The parallel obscene implosions of the Chavista governing project in Venezuela and the presidential campaign of Donald Trump in the US make comparisons between Trump and Chávez over-determined. For the left these comparisons provide a way to turn the tables on Trump supporters. For the right they are a way to challenge memories of Chávez.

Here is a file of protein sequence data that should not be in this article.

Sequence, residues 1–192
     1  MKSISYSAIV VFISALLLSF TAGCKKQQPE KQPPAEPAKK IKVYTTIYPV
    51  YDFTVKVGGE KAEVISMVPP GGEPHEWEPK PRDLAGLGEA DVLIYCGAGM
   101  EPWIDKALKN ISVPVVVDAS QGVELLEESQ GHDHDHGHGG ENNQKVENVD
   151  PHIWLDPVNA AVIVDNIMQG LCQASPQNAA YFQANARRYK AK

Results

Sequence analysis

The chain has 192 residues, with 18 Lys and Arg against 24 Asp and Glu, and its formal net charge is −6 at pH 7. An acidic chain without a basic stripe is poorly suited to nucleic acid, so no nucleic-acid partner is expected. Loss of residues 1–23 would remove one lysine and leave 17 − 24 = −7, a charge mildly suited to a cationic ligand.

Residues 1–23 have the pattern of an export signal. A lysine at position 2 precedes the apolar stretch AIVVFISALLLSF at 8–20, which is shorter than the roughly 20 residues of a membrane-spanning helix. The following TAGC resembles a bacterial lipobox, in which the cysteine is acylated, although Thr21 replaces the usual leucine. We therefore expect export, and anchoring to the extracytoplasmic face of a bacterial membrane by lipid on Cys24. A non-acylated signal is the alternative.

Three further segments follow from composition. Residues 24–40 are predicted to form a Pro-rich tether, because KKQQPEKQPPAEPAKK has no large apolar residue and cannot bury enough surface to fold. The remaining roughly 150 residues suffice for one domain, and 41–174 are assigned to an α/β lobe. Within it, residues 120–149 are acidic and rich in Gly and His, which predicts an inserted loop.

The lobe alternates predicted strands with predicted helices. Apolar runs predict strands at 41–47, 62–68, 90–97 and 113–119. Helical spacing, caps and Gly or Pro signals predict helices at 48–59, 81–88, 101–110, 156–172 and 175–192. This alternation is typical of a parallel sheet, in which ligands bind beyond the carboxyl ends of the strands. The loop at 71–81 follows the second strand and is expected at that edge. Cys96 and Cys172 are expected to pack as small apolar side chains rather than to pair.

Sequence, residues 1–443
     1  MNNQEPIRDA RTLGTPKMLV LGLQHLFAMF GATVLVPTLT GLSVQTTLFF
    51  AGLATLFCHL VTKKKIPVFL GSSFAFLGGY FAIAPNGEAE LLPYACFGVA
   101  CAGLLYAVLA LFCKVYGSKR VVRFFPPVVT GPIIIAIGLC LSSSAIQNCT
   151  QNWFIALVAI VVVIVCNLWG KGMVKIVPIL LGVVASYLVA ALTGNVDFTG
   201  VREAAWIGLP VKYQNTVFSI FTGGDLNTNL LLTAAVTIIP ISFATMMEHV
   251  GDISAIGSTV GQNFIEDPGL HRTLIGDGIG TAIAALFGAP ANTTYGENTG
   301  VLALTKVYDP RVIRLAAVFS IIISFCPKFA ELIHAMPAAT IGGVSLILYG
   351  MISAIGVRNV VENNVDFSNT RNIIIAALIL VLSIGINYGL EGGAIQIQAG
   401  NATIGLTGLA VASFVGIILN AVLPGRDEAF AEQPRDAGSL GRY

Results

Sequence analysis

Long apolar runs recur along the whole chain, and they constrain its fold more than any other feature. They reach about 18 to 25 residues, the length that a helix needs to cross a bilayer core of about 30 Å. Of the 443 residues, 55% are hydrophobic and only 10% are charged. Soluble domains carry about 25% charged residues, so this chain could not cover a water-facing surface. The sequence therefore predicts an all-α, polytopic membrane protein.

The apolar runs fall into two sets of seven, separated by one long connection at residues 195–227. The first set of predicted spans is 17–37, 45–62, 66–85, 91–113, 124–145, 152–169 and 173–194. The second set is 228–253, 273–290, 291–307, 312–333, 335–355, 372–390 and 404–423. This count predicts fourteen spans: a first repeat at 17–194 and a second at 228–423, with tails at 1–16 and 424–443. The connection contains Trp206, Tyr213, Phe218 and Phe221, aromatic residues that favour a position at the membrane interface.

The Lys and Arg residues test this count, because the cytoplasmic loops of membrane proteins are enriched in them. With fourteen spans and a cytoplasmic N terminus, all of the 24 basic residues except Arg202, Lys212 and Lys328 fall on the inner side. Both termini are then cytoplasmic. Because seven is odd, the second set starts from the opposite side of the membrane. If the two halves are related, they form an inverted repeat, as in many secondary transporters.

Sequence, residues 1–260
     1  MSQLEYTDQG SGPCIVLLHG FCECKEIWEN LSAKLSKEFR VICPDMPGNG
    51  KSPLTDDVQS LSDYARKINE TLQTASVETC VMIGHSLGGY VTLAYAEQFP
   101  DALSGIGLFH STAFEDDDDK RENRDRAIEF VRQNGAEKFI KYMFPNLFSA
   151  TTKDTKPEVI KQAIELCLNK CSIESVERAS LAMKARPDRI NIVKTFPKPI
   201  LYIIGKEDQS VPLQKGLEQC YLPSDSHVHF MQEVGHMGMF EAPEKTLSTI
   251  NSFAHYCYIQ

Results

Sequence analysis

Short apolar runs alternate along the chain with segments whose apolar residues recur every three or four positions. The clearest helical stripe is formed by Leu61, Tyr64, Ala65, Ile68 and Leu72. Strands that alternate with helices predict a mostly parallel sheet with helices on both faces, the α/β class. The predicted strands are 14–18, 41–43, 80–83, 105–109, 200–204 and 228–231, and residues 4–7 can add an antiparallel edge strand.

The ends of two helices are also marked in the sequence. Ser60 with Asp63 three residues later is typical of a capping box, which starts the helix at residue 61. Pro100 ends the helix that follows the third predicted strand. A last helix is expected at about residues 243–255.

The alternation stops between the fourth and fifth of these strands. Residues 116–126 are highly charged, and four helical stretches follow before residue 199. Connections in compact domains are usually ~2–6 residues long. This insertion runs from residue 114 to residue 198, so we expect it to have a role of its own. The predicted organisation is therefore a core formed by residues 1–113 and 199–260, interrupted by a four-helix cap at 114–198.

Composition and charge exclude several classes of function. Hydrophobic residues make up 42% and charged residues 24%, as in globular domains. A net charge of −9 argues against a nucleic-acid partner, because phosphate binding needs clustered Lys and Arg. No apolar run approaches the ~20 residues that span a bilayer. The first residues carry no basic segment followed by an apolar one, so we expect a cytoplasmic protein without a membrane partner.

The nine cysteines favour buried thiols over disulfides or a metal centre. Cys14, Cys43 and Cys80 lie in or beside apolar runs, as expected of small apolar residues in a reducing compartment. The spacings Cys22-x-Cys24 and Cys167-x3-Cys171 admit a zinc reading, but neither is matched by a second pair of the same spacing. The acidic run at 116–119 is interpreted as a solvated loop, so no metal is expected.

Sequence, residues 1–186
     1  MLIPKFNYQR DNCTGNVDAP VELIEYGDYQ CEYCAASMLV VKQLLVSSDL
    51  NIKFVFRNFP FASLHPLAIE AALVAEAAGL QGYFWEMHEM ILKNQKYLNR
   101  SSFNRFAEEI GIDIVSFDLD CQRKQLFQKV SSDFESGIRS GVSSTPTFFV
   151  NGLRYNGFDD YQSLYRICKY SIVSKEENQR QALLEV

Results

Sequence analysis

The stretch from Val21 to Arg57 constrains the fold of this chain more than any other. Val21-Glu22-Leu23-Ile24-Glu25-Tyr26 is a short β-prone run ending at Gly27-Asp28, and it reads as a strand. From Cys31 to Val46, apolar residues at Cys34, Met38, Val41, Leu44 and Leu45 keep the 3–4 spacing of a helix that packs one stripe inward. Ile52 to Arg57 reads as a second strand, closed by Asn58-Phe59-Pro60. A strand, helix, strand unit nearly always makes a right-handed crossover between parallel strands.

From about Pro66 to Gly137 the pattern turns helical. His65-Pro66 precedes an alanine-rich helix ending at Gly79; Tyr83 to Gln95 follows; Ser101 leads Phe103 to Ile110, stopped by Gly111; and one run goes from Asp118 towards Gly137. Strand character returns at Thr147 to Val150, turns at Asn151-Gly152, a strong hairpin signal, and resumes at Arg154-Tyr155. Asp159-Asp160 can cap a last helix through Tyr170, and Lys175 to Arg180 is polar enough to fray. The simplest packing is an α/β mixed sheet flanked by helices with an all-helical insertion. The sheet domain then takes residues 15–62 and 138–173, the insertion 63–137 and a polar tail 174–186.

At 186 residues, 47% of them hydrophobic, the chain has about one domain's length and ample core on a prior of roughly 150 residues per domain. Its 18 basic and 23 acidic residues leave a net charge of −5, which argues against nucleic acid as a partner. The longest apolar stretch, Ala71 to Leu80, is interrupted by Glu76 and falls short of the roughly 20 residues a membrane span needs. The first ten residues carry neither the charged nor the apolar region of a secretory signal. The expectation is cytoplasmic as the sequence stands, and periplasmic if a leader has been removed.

On the Washington Post’s Monkey Cage blog, Tim Gill disassembles the comparison between Donald Trump and Hugo Chávez. He argues:
The difference between Trump and Chávez mirrors the difference between what scholars call exclusionary and inclusionary populism. That is, while some populists — like Trump — have drawn lines between native-born citizens and immigrants, other populist leaders have sought to include and empower marginalized or vulnerable populations.
Gill suggests the differences also extend to economic policy where Chávez strongly focused on redistribution whereas Trump would not.